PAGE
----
EDITORIAL. Now that marijuana has been made legal in California by a large majority of voters, one of the ballot measures you will be voting on soon is a local one, Measure GG. It allows only farmers with existing greenhouses to apply for permission to use that greenhouse space, now mostly unprofitable and underutilized, to grow cannabis starts (seedlings) under very specific, limited, secure and tightly regulated circumstances. Our greenhouses are among the few that qualify.
Here are the facts. Cannabis starts cannot be smoked or eaten. These immature plants don’t even yet have THC, the compound that gives marijuana its psychoactive effects. They are, therefore, of no interest to anyone except potential growers of the full plants.
The measure requires annual licensing, strict limits on locations, size and lighting, and regular inspections to make sure the plants are never allowed to grow past this seedling stage. They have no smell, and no environmental, energy, or water impact beyond what growing anything else in greenhouses has. In fact, they use less water than other plants that have been grown in those greenhouses.
Other crops will not be displaced. Measure GG limits cannabis starts to existing greenhouses, which are currently underutilized. Measure GG will not displace workers. And the environmental impact is no different from growing other plants in greenhouses, which was done without harm. GG is very specific. It won’t allow these starts to be grown infield and no additional greenhouses can be built.
Opponents have two main arguments.
First, they say it will be “a foot in the door,” and that it “gives the cannabis industry a foothold from which it will aggressively lobby.” What this means is that opponents really have no objection to this particular measure — they are just worried about other things that may or may not possibly, in some way, potentially happen at some time in the future. The time to stop those things is when they are actually proposed or on the ballot, not with this completely innocuous measure which benefits some local farmers without causing any harm to anyone. This measure contains none of the things they fear, and, in fact, has serious protections against what they fear. The place to put a stop sign is where you actually want people to stop, not a mile before.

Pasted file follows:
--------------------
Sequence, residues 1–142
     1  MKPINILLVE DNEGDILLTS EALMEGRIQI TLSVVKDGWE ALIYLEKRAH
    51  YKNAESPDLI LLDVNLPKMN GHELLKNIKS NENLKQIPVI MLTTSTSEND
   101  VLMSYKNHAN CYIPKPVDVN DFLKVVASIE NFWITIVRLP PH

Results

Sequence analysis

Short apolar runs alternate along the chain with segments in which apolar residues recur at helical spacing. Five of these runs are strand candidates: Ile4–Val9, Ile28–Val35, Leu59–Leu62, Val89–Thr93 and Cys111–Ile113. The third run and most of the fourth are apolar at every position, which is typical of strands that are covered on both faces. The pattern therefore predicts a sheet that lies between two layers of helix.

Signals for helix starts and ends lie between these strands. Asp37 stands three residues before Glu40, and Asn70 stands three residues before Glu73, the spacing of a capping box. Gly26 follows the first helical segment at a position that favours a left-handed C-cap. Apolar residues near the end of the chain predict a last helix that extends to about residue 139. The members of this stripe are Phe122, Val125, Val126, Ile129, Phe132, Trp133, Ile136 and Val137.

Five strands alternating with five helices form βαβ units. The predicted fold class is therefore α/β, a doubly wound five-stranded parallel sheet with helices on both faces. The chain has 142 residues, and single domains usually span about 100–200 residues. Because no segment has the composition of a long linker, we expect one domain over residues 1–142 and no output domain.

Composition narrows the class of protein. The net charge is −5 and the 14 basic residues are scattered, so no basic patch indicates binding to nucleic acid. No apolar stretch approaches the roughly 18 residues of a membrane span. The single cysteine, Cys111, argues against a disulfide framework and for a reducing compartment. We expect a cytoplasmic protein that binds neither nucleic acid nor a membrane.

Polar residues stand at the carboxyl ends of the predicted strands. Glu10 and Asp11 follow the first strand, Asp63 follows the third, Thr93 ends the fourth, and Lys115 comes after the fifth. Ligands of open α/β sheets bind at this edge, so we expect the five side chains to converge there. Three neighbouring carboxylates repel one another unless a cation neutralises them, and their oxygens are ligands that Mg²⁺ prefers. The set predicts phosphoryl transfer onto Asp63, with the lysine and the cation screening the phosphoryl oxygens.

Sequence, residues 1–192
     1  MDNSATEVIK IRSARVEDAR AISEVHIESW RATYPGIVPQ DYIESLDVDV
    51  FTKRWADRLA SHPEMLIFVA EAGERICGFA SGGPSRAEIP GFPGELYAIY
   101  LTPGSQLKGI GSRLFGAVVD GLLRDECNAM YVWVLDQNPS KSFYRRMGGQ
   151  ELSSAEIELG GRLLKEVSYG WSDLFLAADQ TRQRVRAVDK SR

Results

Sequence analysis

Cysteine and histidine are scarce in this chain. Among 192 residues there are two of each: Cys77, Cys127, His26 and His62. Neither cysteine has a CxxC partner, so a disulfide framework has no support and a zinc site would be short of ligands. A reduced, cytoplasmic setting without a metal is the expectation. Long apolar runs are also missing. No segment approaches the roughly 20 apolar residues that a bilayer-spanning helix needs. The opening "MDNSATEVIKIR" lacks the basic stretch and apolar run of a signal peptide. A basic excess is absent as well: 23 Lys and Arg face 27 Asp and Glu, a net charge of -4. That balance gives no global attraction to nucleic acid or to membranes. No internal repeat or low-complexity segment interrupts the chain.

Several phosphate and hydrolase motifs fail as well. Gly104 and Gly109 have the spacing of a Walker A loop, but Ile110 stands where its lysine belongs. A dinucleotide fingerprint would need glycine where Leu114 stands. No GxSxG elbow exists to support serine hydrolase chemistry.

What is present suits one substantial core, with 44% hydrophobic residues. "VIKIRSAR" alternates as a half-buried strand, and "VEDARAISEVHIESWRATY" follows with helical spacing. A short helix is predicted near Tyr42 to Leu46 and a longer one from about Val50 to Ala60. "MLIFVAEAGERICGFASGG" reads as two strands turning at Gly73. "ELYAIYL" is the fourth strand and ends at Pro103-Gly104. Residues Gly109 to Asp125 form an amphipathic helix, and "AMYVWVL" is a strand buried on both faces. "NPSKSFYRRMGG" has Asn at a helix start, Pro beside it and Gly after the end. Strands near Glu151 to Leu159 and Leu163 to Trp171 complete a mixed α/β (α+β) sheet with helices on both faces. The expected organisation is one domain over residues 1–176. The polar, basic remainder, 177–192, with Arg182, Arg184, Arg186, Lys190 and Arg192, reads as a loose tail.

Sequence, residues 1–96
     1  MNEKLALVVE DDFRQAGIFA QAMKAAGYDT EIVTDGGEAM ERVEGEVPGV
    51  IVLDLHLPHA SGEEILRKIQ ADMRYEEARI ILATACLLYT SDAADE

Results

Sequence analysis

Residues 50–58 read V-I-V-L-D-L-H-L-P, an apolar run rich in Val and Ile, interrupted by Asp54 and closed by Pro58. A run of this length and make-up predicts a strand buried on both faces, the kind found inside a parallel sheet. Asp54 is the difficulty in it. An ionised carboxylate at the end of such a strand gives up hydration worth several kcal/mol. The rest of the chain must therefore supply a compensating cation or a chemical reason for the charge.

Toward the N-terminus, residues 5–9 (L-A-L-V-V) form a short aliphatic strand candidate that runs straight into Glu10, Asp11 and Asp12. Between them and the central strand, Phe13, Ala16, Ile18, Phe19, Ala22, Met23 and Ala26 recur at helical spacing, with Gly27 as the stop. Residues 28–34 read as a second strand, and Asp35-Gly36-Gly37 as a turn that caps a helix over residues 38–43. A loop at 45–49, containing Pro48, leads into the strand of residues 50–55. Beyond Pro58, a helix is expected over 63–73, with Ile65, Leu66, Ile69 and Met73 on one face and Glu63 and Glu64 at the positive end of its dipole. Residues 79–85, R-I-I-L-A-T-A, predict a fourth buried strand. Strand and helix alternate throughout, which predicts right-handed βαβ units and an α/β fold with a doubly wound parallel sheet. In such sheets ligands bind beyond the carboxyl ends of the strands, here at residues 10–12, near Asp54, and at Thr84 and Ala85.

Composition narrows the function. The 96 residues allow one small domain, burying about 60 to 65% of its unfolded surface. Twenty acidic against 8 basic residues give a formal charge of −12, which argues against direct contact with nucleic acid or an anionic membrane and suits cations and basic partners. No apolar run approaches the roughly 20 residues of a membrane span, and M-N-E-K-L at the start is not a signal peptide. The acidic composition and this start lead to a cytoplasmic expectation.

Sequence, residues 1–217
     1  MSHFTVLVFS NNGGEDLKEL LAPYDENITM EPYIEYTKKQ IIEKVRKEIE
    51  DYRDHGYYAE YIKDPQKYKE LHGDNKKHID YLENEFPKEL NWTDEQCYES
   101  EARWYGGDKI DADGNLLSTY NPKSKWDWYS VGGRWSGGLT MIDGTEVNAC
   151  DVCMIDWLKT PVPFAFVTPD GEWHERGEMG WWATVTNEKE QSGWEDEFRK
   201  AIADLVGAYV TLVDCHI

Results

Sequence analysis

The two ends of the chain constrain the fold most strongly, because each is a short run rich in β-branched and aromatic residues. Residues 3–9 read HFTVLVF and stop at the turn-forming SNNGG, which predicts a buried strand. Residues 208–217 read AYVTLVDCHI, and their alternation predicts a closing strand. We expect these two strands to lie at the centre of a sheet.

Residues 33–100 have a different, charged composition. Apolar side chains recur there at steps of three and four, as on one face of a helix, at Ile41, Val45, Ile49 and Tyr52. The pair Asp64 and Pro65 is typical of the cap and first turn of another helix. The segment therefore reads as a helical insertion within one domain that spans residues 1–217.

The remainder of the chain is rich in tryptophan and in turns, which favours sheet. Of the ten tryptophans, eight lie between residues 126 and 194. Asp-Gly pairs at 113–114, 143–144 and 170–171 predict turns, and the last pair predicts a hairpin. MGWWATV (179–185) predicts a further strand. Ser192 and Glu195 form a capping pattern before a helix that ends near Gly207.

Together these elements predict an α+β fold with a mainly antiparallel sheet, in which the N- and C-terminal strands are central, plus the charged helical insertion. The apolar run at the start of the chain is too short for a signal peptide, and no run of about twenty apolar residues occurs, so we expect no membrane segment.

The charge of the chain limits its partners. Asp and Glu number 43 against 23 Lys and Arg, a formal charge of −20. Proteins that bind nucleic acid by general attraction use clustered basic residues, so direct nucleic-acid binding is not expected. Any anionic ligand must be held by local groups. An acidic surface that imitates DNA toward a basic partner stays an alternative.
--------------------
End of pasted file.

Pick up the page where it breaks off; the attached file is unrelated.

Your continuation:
Secondly, opponents worry it will somehow “normalize the use of marijuana” for our youth, and send a message that it is harmless. When California voters overwhelmingly voted to legalize recreational use of marijuana, whatever messages you believe might be sent were sent. Allowing farmers to grow seedlings in their enclosed, private, secure greenhouses is not sending a message to anyone, except an important one to those local farmers. This measure says that we value their work and contribution to our community, and that we want them to succeed.
And that leads to the main reason to vote for this measure. This measure causes no harm to the community and does help some struggling farmers, your friends and neighbors. And we are struggling for the same reasons as you all are struggling, notably due to the high cost of living in our area. We are in serious danger of losing the rural, agricultural nature of the Coastside, which is one of the reasons so many of you chose to live here.
The Coastside is ideal for growing these seedlings, with its stock of already existing but severely underutilized greenhouses, and its population of farmers and agricultural workers.
Next time you are at the farmers market, ask yourself if the farmer you see today will still be here next year. Some are on the verge of giving up a financially unsustainable way of life. Growing cannabis starts is a lifeline for people you know, the people who helped give Half Moon Bay its agricultural character.
Please join Eda and me and vote “yes” in favor of Measure GG.
~ John Muller is a farmer living and working in Half Moon Bay.
~ Photos by the San Jose Mercury News and Michelle Dragony